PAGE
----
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Site 4
(Constructed for use as a United States Post Office)
Dedicated July 4, 1898
Architect:  William Martin Aitken, Supervising Architect of the Treasury Department, Washington D.C.
1937 additions and alterations: Carl Macomber, Saginaw, Michigan with Smith, Hinchman & Grylls, Detroit, Michigan
1978 remodeling: Toshach & Sobczak Associates, Inc.


Castle MuseumConstructed as a post office and dedicated on July 3, 1898, The French Renaissance Revival architecture of the building was an unusual -  if not unique - choice for a post office.  The building’s architect, William Martin Aitken, claimed that his design was inspired by the early French settlement of the Saginaw Valley.





"The post-office [sic] in Saginaw is accordingly French in style, the corner towers being suggestive of the defensive feature of frontier life, while the carving on the pinnacles finials was suggested by the fauna and flora of the neighborhood."
“The Architecture of our Government Buildings” Engineering Magazine
Vol. 12. p. 823.


The building quickly became a cherished local landmark.  As the population of the City of Saginaw grew, the building was enlarged to meet increased demands.  By the mid-1930s the building had become inadequate to serve the community’s needs, and the federal government proposed construction of a new facility on the site. This proposal met with community-wide opposition and plans were developed to enlarge the existing building. The 1937 addition and reconstruction were inspired by the design of 1896. The  Federal Avenue facade was preserved. The extensive additions resulted in the removal of a tower on the South Jefferson Avenue front, new wings on South Jefferson and South Warren and a large mail sorting room on the south side of the building. Almost all interior spaces were reconfigured and the 1898 lobby was replaced by a new public lobby featuring travertine walls and an oak paneled ceiling.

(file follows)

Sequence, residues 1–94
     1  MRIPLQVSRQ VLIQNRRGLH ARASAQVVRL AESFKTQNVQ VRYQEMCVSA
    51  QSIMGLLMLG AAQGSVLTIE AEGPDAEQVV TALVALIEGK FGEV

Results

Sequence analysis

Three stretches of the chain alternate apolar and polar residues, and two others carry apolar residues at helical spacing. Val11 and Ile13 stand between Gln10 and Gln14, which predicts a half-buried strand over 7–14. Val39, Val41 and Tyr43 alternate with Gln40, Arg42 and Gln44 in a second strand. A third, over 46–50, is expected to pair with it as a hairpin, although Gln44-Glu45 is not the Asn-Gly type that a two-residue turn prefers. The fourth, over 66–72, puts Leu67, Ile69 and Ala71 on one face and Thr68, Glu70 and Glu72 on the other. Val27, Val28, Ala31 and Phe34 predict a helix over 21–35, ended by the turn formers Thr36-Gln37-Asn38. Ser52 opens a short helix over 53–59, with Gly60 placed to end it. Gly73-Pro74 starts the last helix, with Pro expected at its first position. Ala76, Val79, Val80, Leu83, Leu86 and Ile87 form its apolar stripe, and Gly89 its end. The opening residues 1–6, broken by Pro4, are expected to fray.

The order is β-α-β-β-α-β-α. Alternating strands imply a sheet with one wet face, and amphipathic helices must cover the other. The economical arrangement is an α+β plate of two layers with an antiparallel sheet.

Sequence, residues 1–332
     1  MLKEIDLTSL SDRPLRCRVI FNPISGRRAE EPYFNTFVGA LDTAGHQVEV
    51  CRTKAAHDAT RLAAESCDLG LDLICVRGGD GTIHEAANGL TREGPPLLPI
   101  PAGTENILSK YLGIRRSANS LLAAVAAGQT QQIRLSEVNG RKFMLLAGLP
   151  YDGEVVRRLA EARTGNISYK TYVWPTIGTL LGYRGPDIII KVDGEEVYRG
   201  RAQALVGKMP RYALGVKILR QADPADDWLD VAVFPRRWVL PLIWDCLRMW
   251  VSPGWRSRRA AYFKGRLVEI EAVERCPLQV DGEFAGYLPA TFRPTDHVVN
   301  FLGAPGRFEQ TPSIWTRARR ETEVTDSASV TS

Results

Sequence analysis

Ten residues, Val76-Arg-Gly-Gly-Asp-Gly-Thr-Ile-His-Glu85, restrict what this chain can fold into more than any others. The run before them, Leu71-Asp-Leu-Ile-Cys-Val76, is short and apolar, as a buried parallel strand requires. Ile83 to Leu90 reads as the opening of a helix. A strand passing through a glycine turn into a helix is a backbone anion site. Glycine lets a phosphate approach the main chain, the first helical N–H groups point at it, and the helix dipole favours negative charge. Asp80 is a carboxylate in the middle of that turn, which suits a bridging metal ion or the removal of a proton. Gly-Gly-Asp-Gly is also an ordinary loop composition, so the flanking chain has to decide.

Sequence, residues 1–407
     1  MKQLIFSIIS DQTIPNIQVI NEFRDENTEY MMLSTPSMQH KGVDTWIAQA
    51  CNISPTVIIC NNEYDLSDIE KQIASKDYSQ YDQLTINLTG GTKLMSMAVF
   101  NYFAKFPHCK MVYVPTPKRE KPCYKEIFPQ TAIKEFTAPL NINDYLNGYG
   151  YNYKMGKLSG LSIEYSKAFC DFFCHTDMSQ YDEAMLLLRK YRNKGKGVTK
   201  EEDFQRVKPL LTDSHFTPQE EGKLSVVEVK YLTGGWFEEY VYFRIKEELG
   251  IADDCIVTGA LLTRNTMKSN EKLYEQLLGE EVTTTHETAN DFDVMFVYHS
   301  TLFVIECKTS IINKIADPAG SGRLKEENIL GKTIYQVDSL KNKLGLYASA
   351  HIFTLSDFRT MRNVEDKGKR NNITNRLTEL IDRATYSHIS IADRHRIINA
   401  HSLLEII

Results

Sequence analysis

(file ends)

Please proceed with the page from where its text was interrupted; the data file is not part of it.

Thirty years later, a new post office building was constructed on South Washington Avenue, and the South Jefferson Avenue building was renamed the Castle Sub Station.  In 1970 a new federal office building was dedicated and the building was threatened with demolition.  Again, the community advocated for the preservation of the building and it was transferred to the County of Saginaw to become the home of the Castle Museum of Saginaw County History.


More Photographs

View of Castle Museum, c. 1910


View of building during 1937 renovation


View of building c. 1945; postcard


View of lobby c. 1946; postcard




Rollover map of Historic South Jefferson Walking Tour 100 South Jefferson Avenue 403 South Jefferson - Dow House (This is connected to the First Congregational Church) Jeffers Park 403 South Jefferson - First Congregational Church 600 Federal Avenue 500 Federal Avenue - Castle Museum 505 Janes Avenue - Hoyt Library 303 Jefferson Avenue 310 South Jefferson Avenue 321 South Jefferson Avenue 523 Hayden 411 Hayden 505 Millard 503 South Jeffferson 508 South Jefferson 523 South Jefferson 505 Thompson 518 Thompson 604 South Jefferson 614 South Jefferson 615 South Jefferson St. Mary of the Assumption Cathedral South Jefferson and Hoyt - Location of the fire of 1893


William Martin Aiken. Engineering Magazine. Vol 12, October 1896 - March 1897

Saginaw Courier Herald. 20 January 1897

“Model Post Office Has Few Equals in U.S.” Saginaw Daily News. 18 October 1910

Construction documents, United States Post Office, Saginaw, Michigan. Historical Society of Saginaw County

“Offer Alternate Plans.” Saginaw Daily News. 4 February 1935

“Beauty and Beast Waging Battle.” Detroit Free Press. 18 December 1932

“Enlarge Post Office.” Saginaw Daily News. 7 July 1933

Dedication of Renovated Building.  Saginaw Daily News. 18 August 1937

“Postal Service at the ‘Castle’ Ends June 26. The Saginaw News. 18 June 1976